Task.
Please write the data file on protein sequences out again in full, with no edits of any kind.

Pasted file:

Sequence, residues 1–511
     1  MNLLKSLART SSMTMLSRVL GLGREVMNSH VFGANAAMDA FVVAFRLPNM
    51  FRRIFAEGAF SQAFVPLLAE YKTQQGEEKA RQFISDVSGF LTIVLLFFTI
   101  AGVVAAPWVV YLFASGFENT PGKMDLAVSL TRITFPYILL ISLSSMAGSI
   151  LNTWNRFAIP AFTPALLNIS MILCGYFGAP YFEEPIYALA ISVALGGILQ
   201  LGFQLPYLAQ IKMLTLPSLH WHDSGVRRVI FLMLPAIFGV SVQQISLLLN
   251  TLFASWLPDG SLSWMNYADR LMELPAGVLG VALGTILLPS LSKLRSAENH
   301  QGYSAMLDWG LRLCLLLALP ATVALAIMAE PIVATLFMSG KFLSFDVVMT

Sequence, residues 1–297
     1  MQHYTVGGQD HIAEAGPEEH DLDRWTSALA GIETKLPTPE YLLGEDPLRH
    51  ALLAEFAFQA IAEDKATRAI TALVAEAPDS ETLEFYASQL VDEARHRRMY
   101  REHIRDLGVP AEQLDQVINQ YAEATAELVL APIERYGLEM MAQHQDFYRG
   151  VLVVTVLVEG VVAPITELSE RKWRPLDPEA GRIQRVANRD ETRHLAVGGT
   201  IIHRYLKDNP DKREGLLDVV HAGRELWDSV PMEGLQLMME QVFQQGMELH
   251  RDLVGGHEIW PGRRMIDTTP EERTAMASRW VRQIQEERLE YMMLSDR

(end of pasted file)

Sequence, residues 1–511
     1  MNLLKSLART SSMTMLSRVL GLGREVMNSH VFGANAAMDA FVVAFRLPNM
    51  FRRIFAEGAF SQAFVPLLAE YKTQQGEEKA RQFISDVSGF LTIVLLFFTI
   101  AGVVAAPWVV YLFASGFENT PGKMDLAVSL TRITFPYILL ISLSSMAGSI
   151  LNTWNRFAIP AFTPALLNIS MILCGYFGAP YFEEPIYALA ISVALGGILQ
   201  LGFQLPYLAQ IKMLTLPSLH WHDSGVRRVI FLMLPAIFGV SVQQISLLLN
   251  TLFASWLPDG SLSWMNYADR LMELPAGVLG VALGTILLPS LSKLRSAENH
   301  QGYSAMLDWG LRLCLLLALP ATVALAIMAE PIVATLFMSG KFLSFDVVMT

Sequence, residues 1–297
     1  MQHYTVGGQD HIAEAGPEEH DLDRWTSALA GIETKLPTPE YLLGEDPLRH
    51  ALLAEFAFQA IAEDKATRAI TALVAEAPDS ETLEFYASQL VDEARHRRMY
   101  REHIRDLGVP AEQLDQVINQ YAEATAELVL APIERYGLEM MAQHQDFYRG
   151  VLVVTVLVEG VVAPITELSE RKWRPLDPEA GRIQRVANRD ETRHLAVGGT
   201  IIHRYLKDNP DKREGLLDVV HAGRELWDSV PMEGLQLMME QVFQQGMELH
   251  RDLVGGHEIW PGRRMIDTTP EERTAMASRW VRQIQEERLE YMMLSDR